I'm not blanketly against it -- I think it can work for some people.
The most compelling reasons I saw for it were for shy girls who were being shouted down by more outgoing boys, and not participating in class even though they did know the answers. They could really benefit from an all-girl environment.
This comes up in my non-profit organization -- it's women-only, and some of the women feel strongly about not allowing men to certain events, because they feel like men always take over everything.
For myself, throughout my life, my social circle included boys. That was not only in terms of recess or whatever -- I'd do school projects with boys, and frequently competed with boys in a way that I found fun, the boys in question found fun, and girls tended to shrink away from.
Sozlet would also absolutely freak if she could no longer be in classes with boys. Several of her best friends are boys, and she regularly has moments when she's just kind of over girls and their drama and needs to hang out with boys. This happens during the school day too.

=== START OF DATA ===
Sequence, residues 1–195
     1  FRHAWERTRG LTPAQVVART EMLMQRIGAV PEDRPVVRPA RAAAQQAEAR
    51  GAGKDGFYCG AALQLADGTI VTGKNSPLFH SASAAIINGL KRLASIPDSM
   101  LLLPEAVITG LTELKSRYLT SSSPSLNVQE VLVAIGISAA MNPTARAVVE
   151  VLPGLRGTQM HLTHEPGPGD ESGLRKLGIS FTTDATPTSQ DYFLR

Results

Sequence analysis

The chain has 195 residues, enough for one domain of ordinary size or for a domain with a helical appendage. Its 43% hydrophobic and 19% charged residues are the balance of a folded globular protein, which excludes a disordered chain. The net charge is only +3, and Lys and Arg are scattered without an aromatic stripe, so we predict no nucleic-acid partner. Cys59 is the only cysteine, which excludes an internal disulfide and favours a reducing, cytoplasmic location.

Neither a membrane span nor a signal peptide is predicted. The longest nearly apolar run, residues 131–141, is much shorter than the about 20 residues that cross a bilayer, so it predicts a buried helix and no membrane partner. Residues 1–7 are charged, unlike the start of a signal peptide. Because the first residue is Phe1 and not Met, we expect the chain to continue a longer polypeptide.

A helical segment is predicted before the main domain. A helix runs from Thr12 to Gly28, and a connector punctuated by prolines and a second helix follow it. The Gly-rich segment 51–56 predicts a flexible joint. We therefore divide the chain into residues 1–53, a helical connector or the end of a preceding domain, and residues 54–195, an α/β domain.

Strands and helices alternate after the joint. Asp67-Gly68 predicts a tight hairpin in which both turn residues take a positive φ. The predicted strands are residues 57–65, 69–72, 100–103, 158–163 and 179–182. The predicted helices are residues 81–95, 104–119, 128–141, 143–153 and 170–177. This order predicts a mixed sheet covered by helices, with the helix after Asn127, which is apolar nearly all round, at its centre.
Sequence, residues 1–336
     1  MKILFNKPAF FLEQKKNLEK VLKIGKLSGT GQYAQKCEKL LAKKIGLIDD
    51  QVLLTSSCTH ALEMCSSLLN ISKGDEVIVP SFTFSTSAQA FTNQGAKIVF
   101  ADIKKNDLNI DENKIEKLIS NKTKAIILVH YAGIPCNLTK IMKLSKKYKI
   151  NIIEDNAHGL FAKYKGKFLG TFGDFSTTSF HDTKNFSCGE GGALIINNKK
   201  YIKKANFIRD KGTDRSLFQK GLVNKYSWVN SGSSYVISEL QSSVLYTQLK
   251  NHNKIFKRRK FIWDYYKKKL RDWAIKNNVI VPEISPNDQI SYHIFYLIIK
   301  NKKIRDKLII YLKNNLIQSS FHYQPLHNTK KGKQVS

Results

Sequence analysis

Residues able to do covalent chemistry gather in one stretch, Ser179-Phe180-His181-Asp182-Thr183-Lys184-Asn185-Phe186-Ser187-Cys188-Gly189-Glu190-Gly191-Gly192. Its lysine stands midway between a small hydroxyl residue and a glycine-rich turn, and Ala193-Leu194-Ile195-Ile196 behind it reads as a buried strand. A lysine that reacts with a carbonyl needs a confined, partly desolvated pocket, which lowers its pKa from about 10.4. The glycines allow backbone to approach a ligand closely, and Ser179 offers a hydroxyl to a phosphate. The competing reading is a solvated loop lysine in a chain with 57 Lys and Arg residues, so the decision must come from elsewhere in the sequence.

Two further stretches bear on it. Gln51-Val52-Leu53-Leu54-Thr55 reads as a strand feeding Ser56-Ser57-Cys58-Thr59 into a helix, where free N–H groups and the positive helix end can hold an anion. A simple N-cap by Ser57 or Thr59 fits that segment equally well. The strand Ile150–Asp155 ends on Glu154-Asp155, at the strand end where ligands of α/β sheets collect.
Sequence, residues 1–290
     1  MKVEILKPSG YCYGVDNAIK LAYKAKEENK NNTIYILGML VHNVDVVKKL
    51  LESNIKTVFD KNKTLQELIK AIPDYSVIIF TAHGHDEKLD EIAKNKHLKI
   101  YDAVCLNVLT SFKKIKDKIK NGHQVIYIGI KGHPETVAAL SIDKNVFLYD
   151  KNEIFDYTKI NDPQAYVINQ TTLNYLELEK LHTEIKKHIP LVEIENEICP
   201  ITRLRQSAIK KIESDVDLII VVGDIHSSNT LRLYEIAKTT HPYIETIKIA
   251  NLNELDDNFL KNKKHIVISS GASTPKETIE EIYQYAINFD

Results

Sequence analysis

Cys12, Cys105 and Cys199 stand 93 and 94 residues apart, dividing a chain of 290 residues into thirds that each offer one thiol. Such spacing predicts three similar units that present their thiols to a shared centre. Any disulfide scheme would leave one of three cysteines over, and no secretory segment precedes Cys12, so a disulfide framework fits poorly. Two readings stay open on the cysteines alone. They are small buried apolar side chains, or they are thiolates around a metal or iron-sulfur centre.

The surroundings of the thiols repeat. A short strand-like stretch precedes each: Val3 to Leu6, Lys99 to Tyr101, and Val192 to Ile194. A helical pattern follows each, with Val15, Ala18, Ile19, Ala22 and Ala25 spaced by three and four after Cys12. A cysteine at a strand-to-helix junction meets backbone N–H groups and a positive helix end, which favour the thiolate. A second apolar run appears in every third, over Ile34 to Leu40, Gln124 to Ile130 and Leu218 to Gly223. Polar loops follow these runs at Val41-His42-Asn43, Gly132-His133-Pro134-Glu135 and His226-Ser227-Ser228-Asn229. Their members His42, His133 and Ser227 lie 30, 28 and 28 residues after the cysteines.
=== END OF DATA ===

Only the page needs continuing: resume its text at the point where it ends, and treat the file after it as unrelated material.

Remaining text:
Plus, especially at her age, it's really hard to "mingle" in a non-datey/ flirty way without the incidental contact at school. If you have to do a project with a guy, of course you're going to talk to him -- if you never see him during the school day, it's much more awkward to seek him out and chat during non-school hours.
And she's thus far resolutely non-datey -- she's inoculated from teasing about hanging out with a "boyfriend" because she has a bunch
of friends who are boys, rather than one specific one that becomes a target. That works both ways -- the boys don't worry about hanging out with her, either.
So, for me, and for her, I think co-ed is best.
That doesn't mean it's best for everyone.